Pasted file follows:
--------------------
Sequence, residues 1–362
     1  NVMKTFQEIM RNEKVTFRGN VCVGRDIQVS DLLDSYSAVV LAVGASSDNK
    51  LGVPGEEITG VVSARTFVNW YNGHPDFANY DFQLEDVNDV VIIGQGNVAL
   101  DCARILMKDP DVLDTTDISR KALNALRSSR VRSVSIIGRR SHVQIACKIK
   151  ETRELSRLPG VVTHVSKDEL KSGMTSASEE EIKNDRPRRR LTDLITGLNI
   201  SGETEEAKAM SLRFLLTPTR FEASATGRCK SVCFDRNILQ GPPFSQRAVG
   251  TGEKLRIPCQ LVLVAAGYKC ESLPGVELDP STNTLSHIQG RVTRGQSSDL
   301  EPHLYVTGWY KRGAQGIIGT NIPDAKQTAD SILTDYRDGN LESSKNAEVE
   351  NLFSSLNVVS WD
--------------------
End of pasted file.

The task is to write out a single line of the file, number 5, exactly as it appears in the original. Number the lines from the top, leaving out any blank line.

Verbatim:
   151  ETRELSRLPG VVTHVSKDEL KSGMTSASEE EIKNDRPRRR LTDLITGLNI